Front-end London, July 2014
Last week I attended Front End London, a monthly meet-up organised and hosted by Made by Many in Angel. Their impressive, trendy office provides the perfect venue for chatting to fellow front-enders, enjoying some free beer and pizza, and learning a few things from the speakers. So, with a beer in one hand and a pen in the other, I eagerly took notes so I could share the event with those who missed out on tickets.
Speakers at this months Front End London, included Jonas Ohlsson demonstrating how to automate faster page rendering, followed by Paul Hamilton offering great insights into his design techniques and finally Peter O'Shaughnessy letting us try out his Google Cardboard and Oculus Rift.
Jonas Ohlsson is a Front-End developer in London and creator of Critical Path CSS Generator. He began with a reminder of why website performance is so important: "When people click on a link they remain focused for about a second, after that they get distracted." Website performance effects revenue, conversion rates and usability.
The focus of this talk was on optimising the critical rendering path for faster page loading, paying particular attention to CSS. The critical rendering path refers to the journey taken to render a webpage. Thus, an optimised critical rendering path would render only what is essential for an initial view of the webpage. With this in mind, reducing the volume of CSS to what is required above the fold will speed up page rendering.
To implement this, critical CSS should be inlined in the <head> of the HTML file and the full CSS moved to the end of the page before </body>, as shown below on one of Jonas' slides.
Another useful tool I took away from this talk was webpagetest.org, which runs website speed tests from different browsers and locations.
Paul Hamilton from Made by Many gave us some great advice and insights into his design workflow, which focuses on meeting the needs of businesses and users.
Design projects start with ideas generated in workshops, meetings with clients, sketching sessions, and meetings with designers. This stage is all about getting ideas down, so it's important to encourage everyone to have a voice; help people join in conversations, listen to them and translate the client's requirements.
Ideas are filtered down, developed into something testable and presented to users for validation. Paul often produces very quick sketches for testing. These can be created quickly and offer more room for interpretation, giving him a better understanding of what people want. For the next stage of prototyping, Paul recommends using Flinto and Keynote. Both tools are quick and easy to use and result in finished prototypes within a day. In his experience they generate strong feedback in the early stages of projects. Always test on real potential users rather than people in the industry. Left field are a London field agency who specialise in recruiting participants for focus groups, interviews and all kinds of user research activities.
Here are some of Paul's key lessons and advice from the talk:
- Someone may have better ideas – always listen and consider the possibilities.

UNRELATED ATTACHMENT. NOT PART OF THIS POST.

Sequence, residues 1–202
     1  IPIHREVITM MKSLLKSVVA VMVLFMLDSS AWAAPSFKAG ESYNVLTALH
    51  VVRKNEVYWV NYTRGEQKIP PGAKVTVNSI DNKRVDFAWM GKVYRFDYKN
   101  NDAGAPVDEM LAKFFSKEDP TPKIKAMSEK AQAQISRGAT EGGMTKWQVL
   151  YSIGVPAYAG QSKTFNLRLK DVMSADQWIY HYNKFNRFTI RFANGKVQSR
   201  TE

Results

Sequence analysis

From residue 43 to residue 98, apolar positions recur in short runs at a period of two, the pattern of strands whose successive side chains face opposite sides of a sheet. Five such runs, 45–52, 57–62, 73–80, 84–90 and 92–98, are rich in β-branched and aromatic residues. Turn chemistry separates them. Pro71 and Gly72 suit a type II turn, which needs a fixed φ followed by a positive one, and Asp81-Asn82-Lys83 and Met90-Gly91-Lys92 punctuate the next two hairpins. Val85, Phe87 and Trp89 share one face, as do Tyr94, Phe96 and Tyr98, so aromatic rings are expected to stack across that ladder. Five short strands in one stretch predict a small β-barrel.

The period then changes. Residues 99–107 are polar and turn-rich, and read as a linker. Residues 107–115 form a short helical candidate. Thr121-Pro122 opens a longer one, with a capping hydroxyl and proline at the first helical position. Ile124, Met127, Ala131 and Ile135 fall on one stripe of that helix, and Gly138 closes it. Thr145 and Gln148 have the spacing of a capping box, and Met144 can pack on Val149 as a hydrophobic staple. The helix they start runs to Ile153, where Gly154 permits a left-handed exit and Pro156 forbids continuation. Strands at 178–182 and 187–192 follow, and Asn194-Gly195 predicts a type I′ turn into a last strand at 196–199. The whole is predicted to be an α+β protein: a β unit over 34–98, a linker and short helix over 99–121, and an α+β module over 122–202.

- Learn early and learn often – get ideas in front of users quickly.
- Don't fall in love with your ideas – if something tests badly, move on quickly.
- Design is not about creating something that looks pretty – you need to look at systems, humans and how they connect.
The final talk from Peter O'Shaughnessy, a developer in a future technologies team, was great fun. We looked at some of the new interfaces on the horizon and even got to have a go ourselves.
Desktop and mobile are old news. Now it's all about devices and the vast array of screen sizes. Whilst they have their differences, essentially they all produce 2d "pictures under glass". Whether wearable technology will take off is yet to be seen.
So, what is next? Peter pointed out that new technologies take time to take off. You have to be patient as many new technology releases take years of refinement, augmentation and growth. The diagram below (from Peter's slides, original source Wikipedia) illustrates how consumers can get very excited about new technologies and have inflated expectations. The dip is a result of products not meeting expectations, but as the technology is refined and users understand their purpose, they are adopted into lifestyles.
This is where it gets exciting. We found out that the upcoming paradigms are augmented reality and holographics. Virtual reality takes the experience further than we have been before. It gives us a sense of presence, tricking enough of the subconscious into making the body react. Peter gave us a demonstration of an Oculus Rift – a VR head-mounted display for games and experiences. Check out their site, it looks fun!
As a web developer, I was excited to learn that Mozilla have released a version of Firefox with virtual reality support and Google have done the same with Chrome. They are working on implementing features such as device discovery, full screen extensions, sensor interpretation (e.g. orientation) and rendering for different hardware. It's all early days though.
Later on I tried out a Google Cardboard! Peter had created a nice virtual reality dinosaur as a demo. Google Cardboard really is a cardboard box – a smartphone slots into it and the lenses and button turns it into a VR device. If you want to see a demo and some code, Google have posted a demo using WebGL and Three.js.
I recommend reading Peter's brilliant blog post, which has lots more information on this topic, some WebGL code and more about the dinosaur demo!
After the talks there was one thing left to do – take the discussions to the pub! Thanks to the speakers and the guys at Made by Many for organising a great event. Looking forward to next month!
I originally posted this on RocketMill's blog.